Descriptive, explanatory and predictive analyses

One typology of statistical analyses is based on their purpose:

  • Descriptive analyses, to describe the variables, either individually (descriptive statistics), or by cross-tabulating them with another variable (by performing univariables analyses)
  • Explanatory analyses, to determine the influence of one or more variables on another (for example using an Odds Ratio)
  • Predictive analyses, to classify patients into two groups based on their characteristics uses this typology to describe the type of analysis to implement.

Descriptive analyses

Descriptive analyses involve the analysis of single-variable statistics and univariables analyses. These analyses are useful for quickly identifying notably extreme data or outliers, and obtaining p-values. Results are displayed in tables and figures. The descriptive analyses are crucial to get the Table 1 of all medical scientific articles (univariable analysis of all patient characteristics according to exposure/treatment).

Explanatory analyses

Explanatory analyses use complex statistical models such as regressions. These analyses make it possible to determine the strength of the association between a response variable (explained variable Y) and one or more explanatory variables (X). They also make it possible to test the statistical significance of this association (in the form of a p-value). The strength of the association can be:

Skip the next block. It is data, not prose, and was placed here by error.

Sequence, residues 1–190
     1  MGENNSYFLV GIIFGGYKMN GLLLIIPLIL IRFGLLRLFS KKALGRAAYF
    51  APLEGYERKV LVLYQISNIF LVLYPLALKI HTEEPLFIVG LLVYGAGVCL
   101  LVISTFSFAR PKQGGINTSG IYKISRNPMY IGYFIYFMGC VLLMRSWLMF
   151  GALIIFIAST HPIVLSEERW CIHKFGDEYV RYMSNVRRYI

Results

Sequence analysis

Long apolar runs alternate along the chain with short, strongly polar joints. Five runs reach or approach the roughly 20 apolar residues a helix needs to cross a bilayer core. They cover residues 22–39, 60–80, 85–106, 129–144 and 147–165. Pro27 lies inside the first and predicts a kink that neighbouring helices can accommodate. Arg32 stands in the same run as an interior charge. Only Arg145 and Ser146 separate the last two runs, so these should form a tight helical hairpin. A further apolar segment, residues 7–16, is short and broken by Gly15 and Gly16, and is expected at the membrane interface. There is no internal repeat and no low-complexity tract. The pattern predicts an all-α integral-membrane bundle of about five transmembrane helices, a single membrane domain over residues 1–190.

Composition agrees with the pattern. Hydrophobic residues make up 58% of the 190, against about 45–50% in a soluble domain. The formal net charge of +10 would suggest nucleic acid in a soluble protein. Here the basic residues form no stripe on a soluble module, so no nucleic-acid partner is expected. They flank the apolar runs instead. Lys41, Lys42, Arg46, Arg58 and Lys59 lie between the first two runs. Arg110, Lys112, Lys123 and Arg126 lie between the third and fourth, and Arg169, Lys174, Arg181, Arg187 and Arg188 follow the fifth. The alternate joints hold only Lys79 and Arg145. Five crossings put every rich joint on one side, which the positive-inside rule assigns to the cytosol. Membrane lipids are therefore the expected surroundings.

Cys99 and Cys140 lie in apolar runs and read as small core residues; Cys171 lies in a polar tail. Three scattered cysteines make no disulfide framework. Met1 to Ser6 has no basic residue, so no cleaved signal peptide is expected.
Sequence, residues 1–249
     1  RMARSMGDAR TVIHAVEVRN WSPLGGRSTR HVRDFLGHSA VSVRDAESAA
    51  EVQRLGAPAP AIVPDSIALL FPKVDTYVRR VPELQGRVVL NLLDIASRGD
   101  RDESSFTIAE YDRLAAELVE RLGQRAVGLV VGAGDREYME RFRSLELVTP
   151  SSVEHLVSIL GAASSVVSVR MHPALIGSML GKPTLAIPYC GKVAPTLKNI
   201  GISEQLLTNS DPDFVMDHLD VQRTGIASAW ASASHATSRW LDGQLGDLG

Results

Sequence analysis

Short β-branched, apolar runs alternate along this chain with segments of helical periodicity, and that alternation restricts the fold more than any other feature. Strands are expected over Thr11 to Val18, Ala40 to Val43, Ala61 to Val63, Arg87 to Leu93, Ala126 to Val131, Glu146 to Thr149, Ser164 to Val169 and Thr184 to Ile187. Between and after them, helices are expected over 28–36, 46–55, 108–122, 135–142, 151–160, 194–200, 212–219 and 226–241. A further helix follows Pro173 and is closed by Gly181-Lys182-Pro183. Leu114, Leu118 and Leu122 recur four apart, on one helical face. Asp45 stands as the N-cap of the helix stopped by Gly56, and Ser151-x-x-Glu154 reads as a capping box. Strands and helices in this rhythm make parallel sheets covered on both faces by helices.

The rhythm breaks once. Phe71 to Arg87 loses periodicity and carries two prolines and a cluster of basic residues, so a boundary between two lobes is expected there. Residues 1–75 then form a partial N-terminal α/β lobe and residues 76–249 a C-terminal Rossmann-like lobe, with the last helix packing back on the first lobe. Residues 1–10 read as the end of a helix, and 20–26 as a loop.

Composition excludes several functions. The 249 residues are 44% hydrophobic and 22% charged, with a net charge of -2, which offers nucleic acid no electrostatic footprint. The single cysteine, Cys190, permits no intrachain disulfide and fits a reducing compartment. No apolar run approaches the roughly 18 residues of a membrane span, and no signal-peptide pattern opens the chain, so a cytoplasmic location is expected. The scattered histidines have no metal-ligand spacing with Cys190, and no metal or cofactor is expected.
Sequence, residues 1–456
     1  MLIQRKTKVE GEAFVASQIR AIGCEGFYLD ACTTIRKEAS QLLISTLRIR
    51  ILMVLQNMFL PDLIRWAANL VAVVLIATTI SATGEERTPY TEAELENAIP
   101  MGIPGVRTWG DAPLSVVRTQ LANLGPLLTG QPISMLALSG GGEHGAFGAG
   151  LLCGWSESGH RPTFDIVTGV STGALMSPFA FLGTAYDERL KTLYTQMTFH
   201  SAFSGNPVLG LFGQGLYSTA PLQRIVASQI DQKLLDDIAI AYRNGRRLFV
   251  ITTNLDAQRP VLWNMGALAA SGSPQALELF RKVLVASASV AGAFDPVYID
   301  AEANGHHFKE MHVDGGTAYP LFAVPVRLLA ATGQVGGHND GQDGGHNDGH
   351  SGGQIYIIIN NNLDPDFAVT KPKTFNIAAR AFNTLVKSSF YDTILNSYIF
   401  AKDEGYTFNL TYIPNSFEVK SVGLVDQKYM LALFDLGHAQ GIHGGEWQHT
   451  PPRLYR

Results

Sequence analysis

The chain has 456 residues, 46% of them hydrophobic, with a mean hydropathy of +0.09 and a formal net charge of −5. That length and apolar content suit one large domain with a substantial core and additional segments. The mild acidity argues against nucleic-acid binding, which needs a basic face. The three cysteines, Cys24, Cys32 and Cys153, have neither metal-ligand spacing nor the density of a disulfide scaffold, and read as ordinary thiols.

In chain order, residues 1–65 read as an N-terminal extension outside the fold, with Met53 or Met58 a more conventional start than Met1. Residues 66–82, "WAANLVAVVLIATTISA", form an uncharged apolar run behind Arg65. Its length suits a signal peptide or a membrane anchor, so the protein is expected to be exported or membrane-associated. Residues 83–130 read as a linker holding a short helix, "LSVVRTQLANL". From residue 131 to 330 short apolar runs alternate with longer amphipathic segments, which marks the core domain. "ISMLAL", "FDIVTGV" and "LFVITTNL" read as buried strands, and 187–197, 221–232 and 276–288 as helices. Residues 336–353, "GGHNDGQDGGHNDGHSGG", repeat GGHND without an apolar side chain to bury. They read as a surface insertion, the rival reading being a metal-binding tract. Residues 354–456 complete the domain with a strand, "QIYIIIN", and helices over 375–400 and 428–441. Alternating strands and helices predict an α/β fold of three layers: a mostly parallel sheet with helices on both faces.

• Odds Ratios for logistic regressions
  • Hazard Ratios for Cox’s Model
  • Estimates or a coefficients for linear regressions

When there is only one explanatory variable, then the analysis is univariable, otherwise, it is multivariable.
In this type of analysis, it is important that the result of the modeling is simple to interpret, which is why prefers to propose to split an explanatory variable whose linearity cannot be assumed rather than transforming this variable into a natural spline. This is also why the coefficients of the extraneous variables are not displayed.

Predictives analyses

The objective of a predictive analysis with is to develop a prediction model, like a score. These models aim at classifying a given patient according to her demographic, clinical or para-clinical characteristics.
With a predictive analysis, we obtain the probability that the patient is classified in one group rather than the other. This type of analysis makes it possible to answer the question: what is the probability that a male patient, 68 years old, smoker, asymptomatic, last vaccination performed 3 months ago has a long covid?

Prediction models are based on multivariable models (multiple logistic regression). Unlike explanatory analyses, for which the results must be simple to interpret, for predictive analyses, what is most important is the ability to correctly classify patients (good discrimination: high area under the curve, and good calibration: the probability that they are classified in the right group is correct). This is why proposes to transform into a natural spline the variables for which the log-linearity hypothesis is not assumed: even if the interpretation is tricky, the prediction is more accurate.

Once this model is developed, it is necessary to validate it by estimating the performance of the model on other patients than those used to develop it.


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